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Narcolepsy

Abstract

Narcolepsy is a chronic sleep disorder that has a typical onset in adolescence and is characterized by excessive daytime sleepiness, which can have severe consequences for the patient. Problems faced by patients with narcolepsy include social stigma associated with this disease, difficulties in obtaining an education and keeping a job, a reduced quality of life and socioeconomic consequences. Two subtypes of narcolepsy have been described (narcolepsy type 1 and narcolepsy type 2), both of which have similar clinical profiles, except for the presence of cataplexy, which occurs only in patients with narcolepsy type 1. The pathogenesis of narcolepsy type 1 is hypothesized to be the autoimmune destruction of the hypocretin-producing neurons in the hypothalamus; this hypothesis is supported by immune-related genetic and environmental factors associated with the disease. However, direct evidence in support of the autoimmune hypothesis is currently unavailable. Diagnosis of narcolepsy encompasses clinical, electrophysiological and biological evaluations, but simpler and faster procedures are needed. Several medications are available for the symptomatic treatment of narcolepsy, all of which have quite good efficacy and safety profiles. However, to date, no treatment hinders or slows disease development. Improved diagnostic tools and increased understanding of the pathogenesis of narcolepsy type 1 are needed and might lead to therapeutic or even preventative interventions.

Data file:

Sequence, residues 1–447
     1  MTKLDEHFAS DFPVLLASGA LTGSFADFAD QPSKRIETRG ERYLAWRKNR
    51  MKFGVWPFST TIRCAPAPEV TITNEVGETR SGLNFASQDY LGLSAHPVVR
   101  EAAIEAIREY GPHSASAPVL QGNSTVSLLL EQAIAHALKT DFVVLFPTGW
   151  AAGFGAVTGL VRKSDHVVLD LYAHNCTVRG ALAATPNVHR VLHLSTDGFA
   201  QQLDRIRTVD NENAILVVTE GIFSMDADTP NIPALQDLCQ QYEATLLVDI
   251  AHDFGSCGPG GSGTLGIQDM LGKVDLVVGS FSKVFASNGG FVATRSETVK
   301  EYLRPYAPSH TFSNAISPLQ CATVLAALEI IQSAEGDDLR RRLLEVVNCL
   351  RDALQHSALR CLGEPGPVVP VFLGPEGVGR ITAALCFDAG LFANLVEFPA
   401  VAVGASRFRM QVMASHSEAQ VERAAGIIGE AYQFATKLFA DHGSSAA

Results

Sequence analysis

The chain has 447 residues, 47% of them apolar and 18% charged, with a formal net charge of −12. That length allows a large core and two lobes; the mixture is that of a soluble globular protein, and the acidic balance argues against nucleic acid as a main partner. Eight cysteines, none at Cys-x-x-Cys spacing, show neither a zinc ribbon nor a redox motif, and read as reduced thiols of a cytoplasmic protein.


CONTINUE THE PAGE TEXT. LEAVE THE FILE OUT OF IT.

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Figure 1: Antigen presentation to T cells.
Figure 2: Autoimmune hypothesis of narcolepsy type 1.
Figure 3: Hypocretin excites the major neural networks controlling wakefulness.
Figure 4: Role of hypocretin neurons in wakefulness.
Figure 5: Electrophysiological hallmarks of narcolepsy type 1.
Figure 6: Treatment of narcolepsy.

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Acknowledgements

B.R.K. has received funding from the Lundbeck Foundation. S.K. has received funding from the Norwegian Ministry of Health and Care Services. H.M.O. has received funding from the Finnish Cultural Foundation, Jalmari and Rauha Ahokas Foundation, Sigrid Juselius Foundation, Emil Aaltonen Foundation, Päivikki and Sakari Sohlberg Foundation, Orion Farmos Research Foundation and Instrumentarium Science Foundation.

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Introduction (B.R.K.); Epidemiology (H.M.O.); Mechanisms/pathophysiology (S.O., Y.D. and B.R.K.); Diagnosis, screening and prevention (F.P.); Management (S.K., Y.D. and S.O.); Quality of life (S.K. and P.J.J.); Outlook (B.R.K., F.P. and Y.D.); Overview of Primer (B.R.K.).

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Correspondence to Birgitte R. Kornum.

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Competing interests

B.R.K. has received an unrestricted investigator-driven project grant from UCB Pharma. H.M.O. has acted as a consultant for Jazz Pharmaceuticals. P.J.J. has received funds from UCB Pharma. Y.D. has received funds for seminars, board engagements and travel to conferences by UCB Pharma, Jazz Pharmaceuticals, Theranexus, GlaxoSmithKline, Actelion and BioProject. S.O. has received an unrestricted investigator-driven project grant from UCB Pharma and conference travel support from UCB Pharma, Novartis and Boehringer Ingelheim. S.K. and F.P. declare no competing interests.

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Kornum, B., Knudsen, S., Ollila, H. et al. Narcolepsy. Nat Rev Dis Primers 3, 16100 (2017). https://doi.org/10.1038/nrdp.2016.100

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